John and Gerry's    Orchids of Britain and Europe
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Ophrys dyris

O. dyris was first described by Maire from the Atlas mountains of Morocco in 1931 and its name refers to   "Dyris" the name given by Pliny to the mountains of the Moroccan Atlas.

This is an uncommon member of the O. omegaifera group and belongs to a set of three species, resident in the western Mediterranean, primarily the Iberian peninsula, which have become isolated from their largely Aegean based cousins. The other members are O. vasconica and O. algarvensis both of which have evolved into hybridogenous species as a result of the introgression of O. dyris by O. fusca s.l.

O. dyris is a rare species which can be found in Morocco, the Balearics (arguably) and the southern half of the Iberian peninsula, including Portugal. It prefers alkaline soils but will tolerate a wide range of conditions from open garrigue to the semi shade of pine woodland. Flowering can be as early as late January in the warmest parts of its distribution but March would be more typical in northerly areas.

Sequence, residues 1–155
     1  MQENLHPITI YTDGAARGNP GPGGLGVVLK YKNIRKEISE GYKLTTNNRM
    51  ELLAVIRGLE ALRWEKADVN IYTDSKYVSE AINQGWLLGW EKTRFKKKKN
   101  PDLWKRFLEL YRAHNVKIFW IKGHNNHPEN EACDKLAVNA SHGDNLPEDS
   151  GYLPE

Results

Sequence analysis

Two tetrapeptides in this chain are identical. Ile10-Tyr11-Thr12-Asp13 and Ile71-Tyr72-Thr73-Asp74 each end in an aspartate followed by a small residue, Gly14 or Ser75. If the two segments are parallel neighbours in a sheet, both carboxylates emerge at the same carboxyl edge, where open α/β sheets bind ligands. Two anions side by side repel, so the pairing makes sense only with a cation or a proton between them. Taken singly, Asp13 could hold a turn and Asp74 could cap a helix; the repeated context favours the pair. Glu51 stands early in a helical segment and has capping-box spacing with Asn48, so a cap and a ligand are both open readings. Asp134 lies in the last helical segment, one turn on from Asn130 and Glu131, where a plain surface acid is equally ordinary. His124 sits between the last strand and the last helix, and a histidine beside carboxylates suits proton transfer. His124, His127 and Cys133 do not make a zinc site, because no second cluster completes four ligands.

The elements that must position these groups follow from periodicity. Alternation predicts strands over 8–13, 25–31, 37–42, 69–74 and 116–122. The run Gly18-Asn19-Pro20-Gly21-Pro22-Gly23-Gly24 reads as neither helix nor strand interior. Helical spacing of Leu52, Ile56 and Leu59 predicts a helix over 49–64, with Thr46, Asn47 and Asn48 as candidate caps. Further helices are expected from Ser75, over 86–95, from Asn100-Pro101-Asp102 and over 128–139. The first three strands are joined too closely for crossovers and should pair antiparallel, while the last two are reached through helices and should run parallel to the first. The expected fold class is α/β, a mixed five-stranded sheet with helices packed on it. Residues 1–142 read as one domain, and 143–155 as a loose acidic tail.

O. dyris is a distinctive species and relatively easy to identify in the field due to the virtual lack of a groove in the throat at the base of the lip. Occasional hybridization between this species and members of the O. fusca group is regularly recorded and particularly in the Balearic islands where O. dryis itself seems to have been virtually subsumed by hybridisation with O. arnoldii (see O. funditorum). In the Balearics and mainland Spain the resultant offspring always possess a central groove in the lip (see O. dyris x fusca). Its strange therefore that O. algarvensis which is thought to be the result of the same but a more ancient union of these two taxons, does not have such a groove.